How To Overcome Shyness And Learn How to Express Yourself

Updated September 21, 2018

Reviewer Lynne Healey, LMHC, QS, CAP, MPS


Meeting new people can be intimidating. You want to make sure you make a good first impression, you don't want to say anything that may offend them, and you don't want to be stuck in the awkward situation of staring at each other without knowing what to say. It is normal to feel shy on occasion, but sometimes this feeling can impair your ability to function normally in social situations.

Social Anxiety Disorder

When your shy demeanor begins to impair your ability to interact with others, you may have what is known as social anxiety disorder. Typical symptoms of social anxiety disorder are feelings of extreme self-consciousness, the belief that everyone is negatively judging you and avoidance of social situations. Those with social anxiety typically feel inadequate when interacting with others, which may lead to feelings of depression and humiliation.

Social anxiety can come in a variety of forms. It can be situation specific, such as feeling an extreme level of discomfort when speaking in front of a large group, or it can be a more general sense of discomfort in all social situations.

Do you feel uncomfortable in these situations?


  • Having to interact with people at a party
  • Meeting someone for the first time
  • Having someone watch you as you are doing something
  • Being asked a question on the spot
  • Allowing yourself to be vulnerable with another, whether a friend or a lover
  • Having to speak on the phone

If you find yourself feeling high levels of anxiety while faced with any of these situations, you may have a social anxiety disorder. Typical physical symptoms of anxiety are:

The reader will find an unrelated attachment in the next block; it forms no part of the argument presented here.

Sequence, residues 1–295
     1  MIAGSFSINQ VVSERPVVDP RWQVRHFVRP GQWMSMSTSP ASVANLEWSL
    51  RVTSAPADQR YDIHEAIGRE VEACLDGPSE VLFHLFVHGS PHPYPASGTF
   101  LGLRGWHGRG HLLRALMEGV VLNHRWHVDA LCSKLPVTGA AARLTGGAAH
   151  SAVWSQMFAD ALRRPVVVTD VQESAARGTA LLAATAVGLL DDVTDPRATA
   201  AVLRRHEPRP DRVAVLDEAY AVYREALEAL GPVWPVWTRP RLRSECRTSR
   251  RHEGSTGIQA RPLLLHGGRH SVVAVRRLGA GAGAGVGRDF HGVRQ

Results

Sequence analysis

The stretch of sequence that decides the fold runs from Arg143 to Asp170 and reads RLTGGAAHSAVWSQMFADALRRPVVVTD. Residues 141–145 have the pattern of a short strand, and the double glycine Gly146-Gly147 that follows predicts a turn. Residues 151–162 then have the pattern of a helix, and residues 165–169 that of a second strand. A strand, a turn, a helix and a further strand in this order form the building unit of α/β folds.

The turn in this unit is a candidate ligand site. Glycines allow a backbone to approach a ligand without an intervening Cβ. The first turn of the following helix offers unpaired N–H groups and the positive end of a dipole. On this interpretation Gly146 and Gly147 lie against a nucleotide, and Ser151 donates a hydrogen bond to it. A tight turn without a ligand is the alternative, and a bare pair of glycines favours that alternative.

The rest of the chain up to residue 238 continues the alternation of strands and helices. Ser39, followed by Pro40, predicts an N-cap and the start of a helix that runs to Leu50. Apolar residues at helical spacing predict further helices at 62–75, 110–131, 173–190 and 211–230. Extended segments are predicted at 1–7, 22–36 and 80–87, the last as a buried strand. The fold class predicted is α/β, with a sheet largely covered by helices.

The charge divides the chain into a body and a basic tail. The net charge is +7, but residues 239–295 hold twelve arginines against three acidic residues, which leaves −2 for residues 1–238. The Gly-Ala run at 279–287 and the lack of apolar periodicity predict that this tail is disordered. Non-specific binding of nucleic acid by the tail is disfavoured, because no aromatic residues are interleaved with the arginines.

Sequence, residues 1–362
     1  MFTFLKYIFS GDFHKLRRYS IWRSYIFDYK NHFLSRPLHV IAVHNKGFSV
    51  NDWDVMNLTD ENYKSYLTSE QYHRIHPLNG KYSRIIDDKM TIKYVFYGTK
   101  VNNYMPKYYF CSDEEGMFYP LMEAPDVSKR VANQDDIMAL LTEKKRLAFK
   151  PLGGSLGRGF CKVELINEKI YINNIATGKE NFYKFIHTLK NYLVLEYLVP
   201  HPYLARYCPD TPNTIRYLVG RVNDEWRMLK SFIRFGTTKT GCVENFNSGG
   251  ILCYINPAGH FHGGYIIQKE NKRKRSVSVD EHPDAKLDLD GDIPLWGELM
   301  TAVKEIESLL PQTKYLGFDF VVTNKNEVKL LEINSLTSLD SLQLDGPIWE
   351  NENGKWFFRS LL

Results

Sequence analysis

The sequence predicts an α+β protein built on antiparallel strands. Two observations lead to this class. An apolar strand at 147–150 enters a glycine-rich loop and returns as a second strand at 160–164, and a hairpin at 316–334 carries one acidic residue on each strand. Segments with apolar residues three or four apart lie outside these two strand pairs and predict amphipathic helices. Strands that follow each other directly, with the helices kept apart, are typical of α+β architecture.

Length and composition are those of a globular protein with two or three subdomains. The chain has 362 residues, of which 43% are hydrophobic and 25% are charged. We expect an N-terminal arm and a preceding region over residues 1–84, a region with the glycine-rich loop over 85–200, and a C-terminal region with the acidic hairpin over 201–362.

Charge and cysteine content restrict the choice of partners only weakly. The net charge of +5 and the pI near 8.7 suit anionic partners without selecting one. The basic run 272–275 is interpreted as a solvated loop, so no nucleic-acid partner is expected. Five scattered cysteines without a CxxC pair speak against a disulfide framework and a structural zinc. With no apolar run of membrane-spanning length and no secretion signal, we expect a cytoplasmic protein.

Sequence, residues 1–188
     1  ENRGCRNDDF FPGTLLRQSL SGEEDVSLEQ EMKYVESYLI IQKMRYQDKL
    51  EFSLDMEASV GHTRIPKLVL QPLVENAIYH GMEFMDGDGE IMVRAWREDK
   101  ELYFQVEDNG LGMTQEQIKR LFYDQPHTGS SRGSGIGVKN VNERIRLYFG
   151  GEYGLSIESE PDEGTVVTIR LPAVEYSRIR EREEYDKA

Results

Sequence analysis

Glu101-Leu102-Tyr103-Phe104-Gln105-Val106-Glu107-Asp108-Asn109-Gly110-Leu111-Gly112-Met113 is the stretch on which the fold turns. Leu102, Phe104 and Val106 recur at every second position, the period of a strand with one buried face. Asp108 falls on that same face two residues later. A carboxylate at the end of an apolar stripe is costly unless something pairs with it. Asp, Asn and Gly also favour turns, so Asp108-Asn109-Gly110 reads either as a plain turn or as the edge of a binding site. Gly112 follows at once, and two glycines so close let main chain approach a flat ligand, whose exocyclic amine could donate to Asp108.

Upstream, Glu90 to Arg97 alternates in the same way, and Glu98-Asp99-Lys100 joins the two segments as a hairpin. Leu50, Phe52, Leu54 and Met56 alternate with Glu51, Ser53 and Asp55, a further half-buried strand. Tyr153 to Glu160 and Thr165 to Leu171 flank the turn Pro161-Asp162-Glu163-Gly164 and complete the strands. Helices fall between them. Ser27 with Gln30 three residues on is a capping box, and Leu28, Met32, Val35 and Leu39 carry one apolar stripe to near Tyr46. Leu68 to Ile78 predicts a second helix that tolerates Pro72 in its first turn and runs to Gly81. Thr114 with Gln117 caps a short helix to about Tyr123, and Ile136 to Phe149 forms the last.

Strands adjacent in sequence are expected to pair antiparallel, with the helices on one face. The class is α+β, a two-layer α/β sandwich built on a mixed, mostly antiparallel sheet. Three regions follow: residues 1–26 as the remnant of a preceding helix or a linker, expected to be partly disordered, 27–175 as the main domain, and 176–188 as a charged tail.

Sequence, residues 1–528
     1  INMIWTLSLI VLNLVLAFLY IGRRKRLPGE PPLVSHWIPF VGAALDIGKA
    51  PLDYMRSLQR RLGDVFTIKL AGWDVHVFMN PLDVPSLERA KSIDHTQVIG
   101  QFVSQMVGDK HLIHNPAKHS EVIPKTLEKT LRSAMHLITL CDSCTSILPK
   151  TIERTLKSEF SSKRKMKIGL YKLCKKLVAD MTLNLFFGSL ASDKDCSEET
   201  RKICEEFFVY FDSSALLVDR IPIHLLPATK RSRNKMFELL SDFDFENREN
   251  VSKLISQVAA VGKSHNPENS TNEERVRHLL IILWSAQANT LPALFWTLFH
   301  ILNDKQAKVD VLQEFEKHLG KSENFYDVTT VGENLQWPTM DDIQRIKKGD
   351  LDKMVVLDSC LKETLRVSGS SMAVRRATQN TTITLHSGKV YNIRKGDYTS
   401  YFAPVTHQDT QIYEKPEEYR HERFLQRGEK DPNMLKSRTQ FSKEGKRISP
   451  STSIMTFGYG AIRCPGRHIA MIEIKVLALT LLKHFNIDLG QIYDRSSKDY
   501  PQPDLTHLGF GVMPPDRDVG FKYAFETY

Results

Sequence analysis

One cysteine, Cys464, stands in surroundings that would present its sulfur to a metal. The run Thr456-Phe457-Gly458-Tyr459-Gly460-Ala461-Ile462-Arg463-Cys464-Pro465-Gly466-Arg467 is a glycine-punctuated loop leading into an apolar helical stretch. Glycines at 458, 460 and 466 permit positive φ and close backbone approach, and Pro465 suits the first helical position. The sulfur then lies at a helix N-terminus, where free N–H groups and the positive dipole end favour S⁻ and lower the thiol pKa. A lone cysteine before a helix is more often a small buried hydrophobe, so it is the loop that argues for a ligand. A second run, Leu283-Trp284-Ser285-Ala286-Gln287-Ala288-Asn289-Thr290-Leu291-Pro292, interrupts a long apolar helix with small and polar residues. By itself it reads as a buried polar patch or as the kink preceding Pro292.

• Increased heart rate
  • Excessive sweating
  • Upset stomach
  • Shortness of breath
  • Trembling
  • Heart palpitations

Learning More About Yourself


Why do you feel shy? Understanding the root of the problem is the first step to tackling it. While being introverted may be part of the reason, the problem may lie a little deeper than that.

Do you have problems with your self-image? Is your inner voice typically negative? Spend an afternoon focusing on the thoughts you have about yourself. If you find that they are mostly negative, start building up positive thoughts. Make a list of everything you like about yourself, no matter how small or insignificant it may seem. Whenever you find yourself having a negative thought, try to balance it with a positive one. When someone pays you a compliment, accept it rather than trying to disagree.

The second step to overcoming your shyness is accepting that you are shy. Try not to think of it as purely negative. Accept this part of yourself and understand that while you may never completely overcome this feeling, you can find ways to alleviate it in most situations. Try making a list of the social situations that make you feel uncomfortable, and ask yourself why they make you feel that way. For each situation on the list, try to visualize ways in which you could feel more confident.

Becoming More Comfortable in Social Situations

Overcoming shyness won't happen overnight, but there are a handful of steps you can take to begin to become more comfortable in social situations.

Fake it until you make it

If you spend your days trying to avoid social interaction, you'll find yourself stuck in a vicious circle. It may be intimidating at first, but the first step to getting over a social phobia is putting yourself into a social situation. This may be introducing yourself to one new person a day, calling a friend on the phone you haven't spoken with for years or participating in small talk with the cashier at the local supermarket.

Pick up a new hobby

Have you ever wanted to take up knitting? Join a sports team? Interested in trying your hand at painting? Take a class or join a club based on something you are interested in. This way, the hobby itself opens up an easy door of communication. Instead of racking your brains about what to say, you can speak about the sport or project you are working on.

Practice confidence

When speaking with someone, speak with confidence. Hold yourself straight, maintain eye contact, and make sure to enunciate properly. Fidgeting with your hands, avoiding eye contact, or mumbling will only increase your feelings of inferiority. The more you practice speaking with confidence, the easier it will become. Acting as if you are confident will also help to trick your brain into believing you feel more confident.